"I'm hearing from them constantly." That's what Kenneth Feinberg, the administrator of a $20 billion oil spill compensation fund, told members of Congress.
Them? Real estate agents and brokers. "They make a credible argument," he adds.
I saw it myself in Pensacola, even before one tiny tar ball had hit the beach.
It is far far worse at the heart of the mess.
An already struggling real estate market in the Gulf of Mexico basically ground to a halt, and isn't moving, even with that precarious cap currently holding the oil back.
When I spoke with a real estate investor in Florida last month, he told me that some condo investors were already getting checks from BP , although I have no proof of that. The real estate industry, including agents, investors, landowners, and even mortgage brokers, have been hard hit by the spill, no question. But real estate agents are an interesting force.
"The Realtors and real estate brokers are a major political force," Feinberg told the House Judiciary Committee. While he doesn't work for BP or the Obama Administration, Feinberg clearly knows the power of the real estate lobby, and I'm guessing Gulf state lawmakers know it as well.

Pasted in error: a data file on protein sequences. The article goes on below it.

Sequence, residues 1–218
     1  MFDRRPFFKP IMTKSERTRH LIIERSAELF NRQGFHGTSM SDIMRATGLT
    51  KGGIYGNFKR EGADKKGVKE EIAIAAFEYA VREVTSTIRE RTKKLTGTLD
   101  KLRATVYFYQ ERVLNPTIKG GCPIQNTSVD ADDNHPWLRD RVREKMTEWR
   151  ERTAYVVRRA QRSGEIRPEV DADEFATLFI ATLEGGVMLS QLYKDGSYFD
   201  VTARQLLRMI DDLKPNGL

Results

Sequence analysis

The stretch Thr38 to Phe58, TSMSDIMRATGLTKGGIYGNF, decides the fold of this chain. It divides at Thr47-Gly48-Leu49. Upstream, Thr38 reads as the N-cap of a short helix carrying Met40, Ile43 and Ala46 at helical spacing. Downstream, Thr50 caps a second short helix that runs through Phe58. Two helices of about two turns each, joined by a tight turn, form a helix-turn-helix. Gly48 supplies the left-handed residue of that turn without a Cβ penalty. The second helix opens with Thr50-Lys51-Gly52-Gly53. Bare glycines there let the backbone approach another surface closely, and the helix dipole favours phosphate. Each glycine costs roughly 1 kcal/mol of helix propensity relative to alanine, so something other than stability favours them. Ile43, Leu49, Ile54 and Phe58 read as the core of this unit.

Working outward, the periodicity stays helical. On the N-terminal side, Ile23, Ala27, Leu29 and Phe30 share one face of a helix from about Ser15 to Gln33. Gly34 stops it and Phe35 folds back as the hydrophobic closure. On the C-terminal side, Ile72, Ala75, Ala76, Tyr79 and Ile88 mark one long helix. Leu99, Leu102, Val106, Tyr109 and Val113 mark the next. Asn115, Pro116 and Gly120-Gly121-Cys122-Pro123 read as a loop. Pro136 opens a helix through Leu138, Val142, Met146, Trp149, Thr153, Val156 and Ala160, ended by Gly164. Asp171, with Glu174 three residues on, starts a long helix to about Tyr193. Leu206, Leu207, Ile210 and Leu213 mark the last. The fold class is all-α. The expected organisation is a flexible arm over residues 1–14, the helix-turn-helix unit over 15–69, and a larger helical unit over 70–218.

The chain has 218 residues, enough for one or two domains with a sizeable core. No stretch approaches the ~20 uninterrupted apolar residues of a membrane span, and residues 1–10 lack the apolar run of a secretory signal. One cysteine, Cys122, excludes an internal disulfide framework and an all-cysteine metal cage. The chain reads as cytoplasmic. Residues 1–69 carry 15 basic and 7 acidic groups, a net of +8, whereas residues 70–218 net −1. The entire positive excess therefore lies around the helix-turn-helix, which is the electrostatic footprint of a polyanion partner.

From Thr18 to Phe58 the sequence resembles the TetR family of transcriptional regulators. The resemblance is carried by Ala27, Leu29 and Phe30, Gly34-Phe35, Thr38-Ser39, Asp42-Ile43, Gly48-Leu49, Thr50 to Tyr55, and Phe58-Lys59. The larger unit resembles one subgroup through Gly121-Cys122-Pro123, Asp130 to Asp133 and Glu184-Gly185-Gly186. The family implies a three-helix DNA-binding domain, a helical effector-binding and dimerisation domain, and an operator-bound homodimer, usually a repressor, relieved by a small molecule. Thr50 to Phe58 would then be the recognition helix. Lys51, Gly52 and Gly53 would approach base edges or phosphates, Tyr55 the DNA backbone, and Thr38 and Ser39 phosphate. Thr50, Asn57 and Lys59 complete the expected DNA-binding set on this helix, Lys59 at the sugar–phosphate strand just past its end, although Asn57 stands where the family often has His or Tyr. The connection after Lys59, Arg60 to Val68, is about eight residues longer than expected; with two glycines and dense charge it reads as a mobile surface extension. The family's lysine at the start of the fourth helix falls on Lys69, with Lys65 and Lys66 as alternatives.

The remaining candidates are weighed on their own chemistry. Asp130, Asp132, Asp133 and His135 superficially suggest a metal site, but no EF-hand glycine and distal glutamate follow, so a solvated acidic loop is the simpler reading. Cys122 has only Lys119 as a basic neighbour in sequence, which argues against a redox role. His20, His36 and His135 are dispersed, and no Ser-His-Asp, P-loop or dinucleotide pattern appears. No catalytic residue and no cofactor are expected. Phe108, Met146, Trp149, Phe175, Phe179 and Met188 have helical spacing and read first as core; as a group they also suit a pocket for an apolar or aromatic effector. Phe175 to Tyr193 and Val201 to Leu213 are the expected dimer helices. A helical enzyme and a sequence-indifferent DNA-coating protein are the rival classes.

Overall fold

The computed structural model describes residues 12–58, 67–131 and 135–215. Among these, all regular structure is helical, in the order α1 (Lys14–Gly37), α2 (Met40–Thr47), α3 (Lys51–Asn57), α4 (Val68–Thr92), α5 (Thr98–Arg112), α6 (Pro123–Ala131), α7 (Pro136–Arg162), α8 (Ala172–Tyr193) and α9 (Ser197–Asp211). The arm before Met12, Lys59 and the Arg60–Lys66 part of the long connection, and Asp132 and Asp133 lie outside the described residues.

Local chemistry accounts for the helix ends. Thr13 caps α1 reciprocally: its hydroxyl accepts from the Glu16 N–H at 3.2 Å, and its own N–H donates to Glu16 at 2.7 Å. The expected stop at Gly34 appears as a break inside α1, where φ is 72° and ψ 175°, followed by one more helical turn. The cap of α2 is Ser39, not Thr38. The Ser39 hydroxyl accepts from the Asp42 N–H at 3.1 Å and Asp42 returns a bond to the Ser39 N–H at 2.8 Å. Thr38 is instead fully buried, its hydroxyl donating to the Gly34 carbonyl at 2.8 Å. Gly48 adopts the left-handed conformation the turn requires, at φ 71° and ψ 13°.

"He estimates that oceanfront land in Florida sells on average about $3 million per acre...and you factor a 10 percent drop in prices due to oil, that's $4.3 billion."
I guess I'm just wondering if their power in Washington will or should bump them to the front of the line. I did recently see a news report about how the oil, even when "cleaned up" stays in the land for decades to come.
An analyst at CoStar, a commercial real estate information company, recently did some math, calculating the estimated 569 miles of coastline affected and the fact that the damage probably goes inland about an acre. He comes up with just over 14 thousand acres potentially touched by oil. He estimates that oceanfront land in Florida sells on average about $3 million per acre (obviously other Gulf states could be less), and you factor a 10 percent drop in prices due to oil, that's $4.3 billion.
That's not just a loss in value but a loss in sales commissions for the folks that help others to buy and sell that land on a regular basis.
Am I crying for the real estate agents/brokers? Not exactly. I'm not sure where you put them in the line of fishermen, restaurant owners, retailers, hotel owners, and other Gulf Coast business folks.
I do know that Realtors have the 13th largest industry lobby behind them in the National Association of Realtors, which also happens to be the top spender on lobbying in the industry. Kenneth Feinberg is not a member of Congress, nor is he a politician; he's an independent lawyer/mediator. Prior to taking on the BP fund, he was best known for heading up the September 11th Victim Compensation Fund.
Questions? Comments? RealtyCheck@cnbc.com